The machine is that one that targets the abductor and adductor inner thigh muscles. Usually, you see women using this machine a lot, which seems to me to be primarily a super Kegal exerciser. A female friend at the Y today told me as much, confiding that the distaff nickname for this machine is "he loves me, he loves me not."

    Anyhow, with my new and apparently permanent lesion, I figured maybe it was time for me as well to tone up the musculature surrounding my still unclosed groin opening. This was a mistake.

    Today, 2 hours of tennis, more weightlifting, and now a very sore knee from one of the torture devices. I can already hear the snickers from my attendants at the nursing home, their eyeballs becoming stuck in the tops their orbital sockets.

    Bastards!

    In any event, regular readers of this vlog may have noticed that the past bit of time has had certain elements of stressfulness for your narrator. Today's drawing is my attempt to bring the inner synaptic world to life in visual form.

    Biopsy results: T minus 38 1/2 hours. Depending on the verdict, I will reveal the diagnosis either here--or behind the shuttered door of the confessional chamber.

    In terms of today's outsider art, I am aware there are certain deficiencies in my technique. However, there are also certain deficiencies in the medium in general, and these are not my fault. I am technologically unable to add an element that could really push this drawing over the edge for even the most picky of amateur art critics.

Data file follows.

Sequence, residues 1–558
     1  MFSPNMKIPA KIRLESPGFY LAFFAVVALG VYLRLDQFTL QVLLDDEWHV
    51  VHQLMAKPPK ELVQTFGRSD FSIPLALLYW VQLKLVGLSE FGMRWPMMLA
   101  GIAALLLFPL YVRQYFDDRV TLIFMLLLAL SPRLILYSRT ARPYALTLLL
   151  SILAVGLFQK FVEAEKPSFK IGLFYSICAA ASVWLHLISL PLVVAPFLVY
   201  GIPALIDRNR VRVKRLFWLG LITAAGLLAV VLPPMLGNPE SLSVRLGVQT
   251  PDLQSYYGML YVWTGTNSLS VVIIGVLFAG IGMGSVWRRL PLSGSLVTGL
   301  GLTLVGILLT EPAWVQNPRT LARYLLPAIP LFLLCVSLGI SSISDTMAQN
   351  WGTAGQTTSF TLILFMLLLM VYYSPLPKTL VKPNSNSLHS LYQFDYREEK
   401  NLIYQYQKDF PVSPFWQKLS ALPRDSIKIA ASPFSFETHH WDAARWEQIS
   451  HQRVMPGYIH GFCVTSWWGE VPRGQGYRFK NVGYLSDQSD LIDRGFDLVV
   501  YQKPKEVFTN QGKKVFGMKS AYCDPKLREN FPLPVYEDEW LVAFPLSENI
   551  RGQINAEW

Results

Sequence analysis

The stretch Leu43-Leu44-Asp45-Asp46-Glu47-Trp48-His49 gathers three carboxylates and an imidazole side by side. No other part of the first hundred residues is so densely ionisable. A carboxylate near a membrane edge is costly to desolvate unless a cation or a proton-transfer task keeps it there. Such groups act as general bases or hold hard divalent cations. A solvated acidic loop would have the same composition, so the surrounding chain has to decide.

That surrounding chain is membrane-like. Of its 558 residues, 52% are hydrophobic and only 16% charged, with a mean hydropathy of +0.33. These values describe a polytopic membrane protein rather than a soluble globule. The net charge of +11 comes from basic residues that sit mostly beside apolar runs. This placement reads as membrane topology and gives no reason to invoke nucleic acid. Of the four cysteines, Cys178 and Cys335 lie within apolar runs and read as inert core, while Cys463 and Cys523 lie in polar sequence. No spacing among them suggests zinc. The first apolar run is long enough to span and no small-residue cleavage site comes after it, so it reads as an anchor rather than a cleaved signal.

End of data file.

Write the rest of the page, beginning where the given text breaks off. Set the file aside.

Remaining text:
If I could add one other sensory input to this proxy for my mental state, that other sensory input being the olfactory one, it would be one of those far northern flowers, which grow in the tundra where no bees fly, and thus must depend upon a different kind of insect for pollination, and thus have evolved the floral scent of rotting meat to bring in the fly swarms: this, then, would be the olfactory input I would chose--a field of these meat-scarlet flowers in full humid summer bloom.

    Breathe in deep with your mind's nose, I beseech you! And we shall await as one the biopsy results.


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  18. Obsession de-escalates: Progress?

    by , October 21st, 2009 at 04:33 PM (Vlog the Inhaler, or The Occasional Video Blog Musings of Jim Thornton)
    Today is one of the last fair weather days we Pittsburghers are likely to see till June.

    Since I live in a sort of woodsy setting, with only one neighbor nearby, and that nearby neighbor apparently out for the day, I took the opportunity to subject my lesion to a new self-help cure attempt.